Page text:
The Science of Sustainability

Airborne Wind Energy

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Editor's Note: 10/24/12 – We are saddened to report that Corwin Hardam, wind energy pioneer and CEO of Makani Power has died unexpectedly at age 38.
pdf Airborne Wind Energy Educator Guide ( pdf ) A resource for using QUEST video in the classroom.

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A dreamer stares up into the sky, watches the clouds slowly pass by and ponders what could be. From da Vinci to Newton to the Wright brothers to the little kid down the street, sometimes there’s a fine line between the day-dreamer and the visionary. And now a group of innovative thinkers are looking at those same passing clouds in a whole new way.

Looking up at the jet stream, Ken Caldeira, a climate scientist from the Carnegie Institution of Global Ecology at Stanford University says, “We find that there’s more than 100 times the power necessary to power civilization in these high altitude winds.” 100 times the energy to power the world is going to get people's attention.

The global need for clean energy is pushing scientists and engineers to search for new, untapped sources of energy. “To solve this problem we need a real revolution in our system of energy development,” continues Caldeira, “We need huge amounts of power, and the things that can provide huge amounts of power include fossil fuels like coal, oil and gas; nuclear power, solar power and wind.” The strongest and most consistent winds are found in the jet stream as high as 30,000 feet above the earth. But how do you harness the wind power from that high? Now the race is on to find the answer to that question.

It may seem pie-in-the-sky, but over 20 companies around the world are now working to develop technology to tap the strong and consistent power of high altitude wind. One company we profiled here on QUEST, Makani Power in Alameda, California, has received a $15 million grant from Google to build a wing concept that would autonomously fly in high circles, capturing energy with small turbines and sending the power down its tether. Other companies are exploring the use of kites, parachutes, balloons and other fanciful flying machines.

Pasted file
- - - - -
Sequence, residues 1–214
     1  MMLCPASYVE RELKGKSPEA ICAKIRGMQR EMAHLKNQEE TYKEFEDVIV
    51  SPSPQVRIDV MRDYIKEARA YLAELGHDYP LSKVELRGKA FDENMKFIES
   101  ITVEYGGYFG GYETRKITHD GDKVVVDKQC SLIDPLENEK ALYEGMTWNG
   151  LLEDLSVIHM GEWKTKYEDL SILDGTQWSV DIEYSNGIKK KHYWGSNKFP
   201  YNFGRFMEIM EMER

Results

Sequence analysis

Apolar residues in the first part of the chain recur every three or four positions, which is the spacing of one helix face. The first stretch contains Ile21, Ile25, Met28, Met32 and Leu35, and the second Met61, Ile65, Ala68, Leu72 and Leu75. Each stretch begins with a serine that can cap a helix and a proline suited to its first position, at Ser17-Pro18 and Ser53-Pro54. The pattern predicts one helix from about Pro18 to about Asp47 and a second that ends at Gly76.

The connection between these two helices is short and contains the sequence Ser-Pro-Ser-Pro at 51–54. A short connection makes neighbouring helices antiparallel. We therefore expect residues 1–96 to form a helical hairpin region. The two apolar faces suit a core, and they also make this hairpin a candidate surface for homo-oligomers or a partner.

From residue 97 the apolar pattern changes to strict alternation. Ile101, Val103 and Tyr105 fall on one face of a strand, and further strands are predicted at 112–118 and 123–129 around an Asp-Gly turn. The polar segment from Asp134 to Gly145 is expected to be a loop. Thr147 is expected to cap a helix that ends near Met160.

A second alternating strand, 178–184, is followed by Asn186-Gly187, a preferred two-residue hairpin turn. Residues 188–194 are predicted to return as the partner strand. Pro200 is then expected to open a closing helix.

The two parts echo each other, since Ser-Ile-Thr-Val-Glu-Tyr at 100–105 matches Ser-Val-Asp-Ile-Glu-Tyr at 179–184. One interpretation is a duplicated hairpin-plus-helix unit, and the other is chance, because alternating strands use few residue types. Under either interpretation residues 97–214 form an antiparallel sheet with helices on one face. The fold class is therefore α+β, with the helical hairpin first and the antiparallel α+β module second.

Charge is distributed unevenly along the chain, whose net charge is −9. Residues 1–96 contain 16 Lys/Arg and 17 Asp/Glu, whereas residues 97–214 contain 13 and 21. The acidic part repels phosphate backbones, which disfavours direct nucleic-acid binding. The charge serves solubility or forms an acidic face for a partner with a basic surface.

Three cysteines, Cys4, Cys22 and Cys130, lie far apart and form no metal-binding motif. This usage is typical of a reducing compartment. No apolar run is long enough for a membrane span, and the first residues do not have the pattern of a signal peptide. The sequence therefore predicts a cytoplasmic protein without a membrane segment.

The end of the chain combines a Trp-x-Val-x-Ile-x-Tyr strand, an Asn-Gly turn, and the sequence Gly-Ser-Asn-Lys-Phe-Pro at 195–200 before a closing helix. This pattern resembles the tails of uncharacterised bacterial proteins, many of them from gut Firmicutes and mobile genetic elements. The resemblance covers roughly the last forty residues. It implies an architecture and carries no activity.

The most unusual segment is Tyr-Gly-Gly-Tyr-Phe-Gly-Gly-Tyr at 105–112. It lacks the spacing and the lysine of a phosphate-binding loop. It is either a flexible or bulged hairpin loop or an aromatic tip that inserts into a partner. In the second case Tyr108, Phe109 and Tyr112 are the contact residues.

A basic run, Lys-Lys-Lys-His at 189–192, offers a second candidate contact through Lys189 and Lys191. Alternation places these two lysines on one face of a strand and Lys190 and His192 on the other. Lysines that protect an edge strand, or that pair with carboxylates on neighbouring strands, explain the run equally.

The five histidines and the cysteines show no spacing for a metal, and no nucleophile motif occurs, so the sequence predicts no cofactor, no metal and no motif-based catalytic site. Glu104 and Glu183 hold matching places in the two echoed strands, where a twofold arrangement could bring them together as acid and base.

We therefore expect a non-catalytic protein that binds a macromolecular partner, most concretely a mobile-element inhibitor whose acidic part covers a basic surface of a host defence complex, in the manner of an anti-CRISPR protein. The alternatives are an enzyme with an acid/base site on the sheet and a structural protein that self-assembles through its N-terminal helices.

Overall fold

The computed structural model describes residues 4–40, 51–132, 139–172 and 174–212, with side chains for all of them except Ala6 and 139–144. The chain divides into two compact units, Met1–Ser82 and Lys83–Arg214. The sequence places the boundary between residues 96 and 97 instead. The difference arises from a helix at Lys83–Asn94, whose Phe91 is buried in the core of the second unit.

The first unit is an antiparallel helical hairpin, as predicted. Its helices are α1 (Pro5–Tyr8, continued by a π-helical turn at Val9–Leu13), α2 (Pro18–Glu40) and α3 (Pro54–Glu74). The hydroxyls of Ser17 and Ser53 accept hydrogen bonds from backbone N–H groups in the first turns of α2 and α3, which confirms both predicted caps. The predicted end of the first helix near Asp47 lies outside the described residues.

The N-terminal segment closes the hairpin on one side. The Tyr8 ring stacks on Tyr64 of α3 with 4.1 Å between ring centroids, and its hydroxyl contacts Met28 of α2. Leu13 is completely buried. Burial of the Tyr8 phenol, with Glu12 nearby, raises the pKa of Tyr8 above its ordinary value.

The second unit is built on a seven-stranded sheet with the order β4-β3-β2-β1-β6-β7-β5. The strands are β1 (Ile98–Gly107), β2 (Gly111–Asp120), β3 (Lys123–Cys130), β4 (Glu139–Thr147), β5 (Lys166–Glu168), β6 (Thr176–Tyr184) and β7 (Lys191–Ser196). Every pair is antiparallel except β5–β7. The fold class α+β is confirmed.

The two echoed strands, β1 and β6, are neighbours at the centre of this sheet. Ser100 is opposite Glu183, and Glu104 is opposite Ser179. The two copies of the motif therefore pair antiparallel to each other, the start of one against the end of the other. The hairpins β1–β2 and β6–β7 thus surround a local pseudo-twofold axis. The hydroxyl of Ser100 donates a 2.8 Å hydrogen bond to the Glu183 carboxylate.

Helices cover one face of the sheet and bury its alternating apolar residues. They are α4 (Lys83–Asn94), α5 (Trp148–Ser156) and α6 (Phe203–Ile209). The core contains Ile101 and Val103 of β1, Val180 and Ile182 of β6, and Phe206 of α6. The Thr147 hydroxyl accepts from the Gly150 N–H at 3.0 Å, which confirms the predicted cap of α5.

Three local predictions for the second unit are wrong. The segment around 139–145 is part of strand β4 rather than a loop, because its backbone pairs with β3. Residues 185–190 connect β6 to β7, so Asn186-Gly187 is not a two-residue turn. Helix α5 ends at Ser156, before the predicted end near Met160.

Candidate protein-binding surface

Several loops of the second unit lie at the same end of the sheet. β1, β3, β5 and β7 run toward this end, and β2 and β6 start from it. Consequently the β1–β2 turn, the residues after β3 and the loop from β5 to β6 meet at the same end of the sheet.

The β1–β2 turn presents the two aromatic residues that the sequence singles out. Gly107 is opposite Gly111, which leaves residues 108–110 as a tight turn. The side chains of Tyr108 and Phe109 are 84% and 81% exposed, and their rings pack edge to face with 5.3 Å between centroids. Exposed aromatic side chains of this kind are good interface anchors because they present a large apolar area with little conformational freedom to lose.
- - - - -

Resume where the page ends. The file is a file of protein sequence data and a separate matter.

There is no shortage of skeptics and there are plenty of obstacles to hurdle before true high altitude wind energy can get off the ground. But still, it’s fun and interesting to stare up at the floating clouds and dare to dream.

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Category: Climate, Energy, Engineering, Environment, Physics, Television

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Chris Bauer

About the Author ()

Chris Bauer is a Media Producer for QUEST. Chris has nearly 20 years experience working in broadcast television; producing sports, history, technology, science, environment and adventure related programming. He is a two-time winner of the international Society of Environmental Journalists Award for Outstanding Television Story and has received multiple Northern California Emmy Awards. Some of his Quest stories have been featured in the San Francisco Ocean Film Festival, Jackson Hole Wildlife Film Festival, United Nations Association Film Festival, the BLUE Ocean Film Festival and the Environmental Film Festival in Washington DC. A 5th generation Bay Area resident and a graduate of St. Mary's College of California, his hobbies include canoeing, snowboarding, wood-working and trying to play the ukulele. He and his family live in San Francisco.
  • Peter Allen Sharp

    Thanks for your program on Airborne Wind Energy. I'm working on concepts that may be able to:
    – Tap the energy of the jet streams using twin dirigibles tethered together and carrying wind turbines to sail back and forth across a jet stream to produce liquid hydrogen.
    – Create both vertical axis and horizontal axis wind turbines that function much like kites with wind turbines.
    – Tap the energy of the open oceans using huge fleets of Turboships carrying walls of vertical axis wind turbines and power generating kites. The Turboships sail slowly back and forth in order to maintain position while producing liquid hydrogen.

  • http://twitter.com/TechAlmanac1 Gregg McPherson

    Beautifully produced video on the subject. The last statement that we need to get started exploring something is the key takeaway. We will never get there without these early trials.

  • Joe Faust

    Over 1000 persons are now in this kite energy quest; they are communicating via an open forum AirborneWindEnergy and also share tech through EnergyKiteSystem (dot) net Interested persons are welcome.